Curated content for content, computing, and digital experience professionsals

Day: April 3, 2008

Parsing the Enterprise Search Landscape

Steve Arnold’s Beyond Search report is finally launched and ready for purchase. Reviewing it gave me a different perspective on how to look at the array of 83 search companies I am juggling in my upcoming report: Enterprise Search Markets and Applications. For example, technological differentiators can channel your decisions about must haves/have nots in your system selection. Steve codifies considerations and details 15 technology tips that will help you frame those considerations.

We are getting ready for the third Gilbane Conference in which “search” has been a significant part of the presentation landscape in San Francisco, June 17 – 20th.Six sessions will be filled with case studies and enlightening “how-to-do-it-better” guidance from search experts with significant “hands-on” experience in the field. I will be conducting a workshop, immediately after the conference, How to Successfully Adopt and Deploy Search. Presentations by speakers and the workshop will focus on users’ experiences and guidance for evaluating, buying and implementing search. Viewing search from a usage perspective begs a different set of classification criteria for divvying up the products.

In February, Business Trends published an interview I gave them in December, Revving up Search Engines in the Enterprise. There probably isn’t much new in it for those who routinely follow this topic but if you are trying to find ways to explain what it is, why and how to get started, you might find some ideas for opening the discussion with others in your business setting. The intended audience is those who don’t normally wallow in search jargon. This interview pretty much covers the what, why, who, and when to jump into procuring search tools for the enterprise.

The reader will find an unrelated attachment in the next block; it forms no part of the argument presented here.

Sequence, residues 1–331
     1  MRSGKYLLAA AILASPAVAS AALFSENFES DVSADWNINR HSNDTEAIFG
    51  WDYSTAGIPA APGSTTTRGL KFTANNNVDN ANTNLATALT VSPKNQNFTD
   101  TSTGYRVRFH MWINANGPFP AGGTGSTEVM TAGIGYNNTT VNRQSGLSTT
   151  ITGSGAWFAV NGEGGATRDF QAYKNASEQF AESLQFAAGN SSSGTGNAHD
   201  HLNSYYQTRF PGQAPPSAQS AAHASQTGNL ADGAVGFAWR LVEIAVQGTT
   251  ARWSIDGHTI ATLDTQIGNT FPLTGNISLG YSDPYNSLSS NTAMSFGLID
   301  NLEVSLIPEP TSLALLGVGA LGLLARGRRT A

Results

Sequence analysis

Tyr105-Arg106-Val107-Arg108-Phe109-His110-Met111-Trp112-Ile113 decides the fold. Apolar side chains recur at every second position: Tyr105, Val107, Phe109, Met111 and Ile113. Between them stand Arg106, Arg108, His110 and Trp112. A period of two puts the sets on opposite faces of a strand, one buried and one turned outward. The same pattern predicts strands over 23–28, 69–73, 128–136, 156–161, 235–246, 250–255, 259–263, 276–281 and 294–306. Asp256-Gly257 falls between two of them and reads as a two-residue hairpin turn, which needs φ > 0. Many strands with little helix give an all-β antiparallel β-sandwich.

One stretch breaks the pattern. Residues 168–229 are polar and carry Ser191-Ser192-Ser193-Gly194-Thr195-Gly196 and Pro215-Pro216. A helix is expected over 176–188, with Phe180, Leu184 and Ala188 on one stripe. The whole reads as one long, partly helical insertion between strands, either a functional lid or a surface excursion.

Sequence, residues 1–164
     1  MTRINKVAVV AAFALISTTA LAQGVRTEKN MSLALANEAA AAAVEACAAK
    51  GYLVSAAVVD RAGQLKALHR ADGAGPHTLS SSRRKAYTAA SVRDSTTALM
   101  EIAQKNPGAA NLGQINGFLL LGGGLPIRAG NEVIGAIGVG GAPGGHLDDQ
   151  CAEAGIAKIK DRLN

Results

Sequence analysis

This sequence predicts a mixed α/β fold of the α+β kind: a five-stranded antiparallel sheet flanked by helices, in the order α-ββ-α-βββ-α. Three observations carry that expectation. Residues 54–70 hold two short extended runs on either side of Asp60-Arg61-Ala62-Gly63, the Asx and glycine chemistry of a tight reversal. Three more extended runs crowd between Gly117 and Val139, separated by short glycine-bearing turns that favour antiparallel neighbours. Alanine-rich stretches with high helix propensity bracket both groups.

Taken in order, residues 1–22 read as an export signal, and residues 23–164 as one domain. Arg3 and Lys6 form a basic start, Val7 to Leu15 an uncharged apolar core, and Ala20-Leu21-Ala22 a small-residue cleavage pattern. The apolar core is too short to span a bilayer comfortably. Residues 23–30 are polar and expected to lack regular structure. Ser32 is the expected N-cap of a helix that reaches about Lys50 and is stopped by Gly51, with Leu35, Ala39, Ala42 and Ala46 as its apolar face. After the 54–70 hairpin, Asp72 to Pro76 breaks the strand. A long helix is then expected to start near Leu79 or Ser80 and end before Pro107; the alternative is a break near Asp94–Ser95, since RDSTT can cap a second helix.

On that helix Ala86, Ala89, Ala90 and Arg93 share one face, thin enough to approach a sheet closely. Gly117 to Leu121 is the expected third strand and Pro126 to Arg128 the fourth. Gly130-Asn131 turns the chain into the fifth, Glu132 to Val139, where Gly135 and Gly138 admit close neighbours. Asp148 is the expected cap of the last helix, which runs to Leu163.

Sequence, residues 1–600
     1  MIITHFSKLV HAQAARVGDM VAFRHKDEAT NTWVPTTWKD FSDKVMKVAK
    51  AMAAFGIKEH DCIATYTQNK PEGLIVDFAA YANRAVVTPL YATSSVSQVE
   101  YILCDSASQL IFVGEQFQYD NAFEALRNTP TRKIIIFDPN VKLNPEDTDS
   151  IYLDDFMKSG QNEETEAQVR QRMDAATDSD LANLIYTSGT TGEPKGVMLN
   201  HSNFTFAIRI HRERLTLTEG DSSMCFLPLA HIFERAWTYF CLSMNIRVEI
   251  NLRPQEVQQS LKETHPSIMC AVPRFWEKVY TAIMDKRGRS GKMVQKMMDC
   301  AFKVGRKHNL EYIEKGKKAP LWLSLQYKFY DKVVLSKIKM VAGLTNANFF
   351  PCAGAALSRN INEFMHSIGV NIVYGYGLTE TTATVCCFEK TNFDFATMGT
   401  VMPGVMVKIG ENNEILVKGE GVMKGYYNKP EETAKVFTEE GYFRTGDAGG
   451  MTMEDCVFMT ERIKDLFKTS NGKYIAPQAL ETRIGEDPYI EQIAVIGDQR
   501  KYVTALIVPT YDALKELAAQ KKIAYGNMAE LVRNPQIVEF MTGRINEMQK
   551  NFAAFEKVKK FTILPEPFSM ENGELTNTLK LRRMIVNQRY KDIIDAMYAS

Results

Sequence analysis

For my report, I have been very pleased with discussions I’ve had with a couple dozen people immersed in evaluating and implementing search for their organizations. Hearing them describe their experiences guides other ways to organize a potpourri of search products and how buyers should approach their selection. With over eighty products we have a challenge in how to parse the domain. I am segmenting the market space into multiple dimensions from the content type being targeted by “search” to the packaging models the vendors offer. When laying out a simple “ontology” of concepts surrounding the search product domain, I hope to clarify why there are so many ways of grouping the tools and products being offered. If vendors read the report to decide which buckets they belong in for marketing and buyers are able to sort out the type of product they need, the report will have achieved one positive outcome. In the meantime, read Frank Gilbane’s take on the whole topic of enterprise tacked onto any group of products.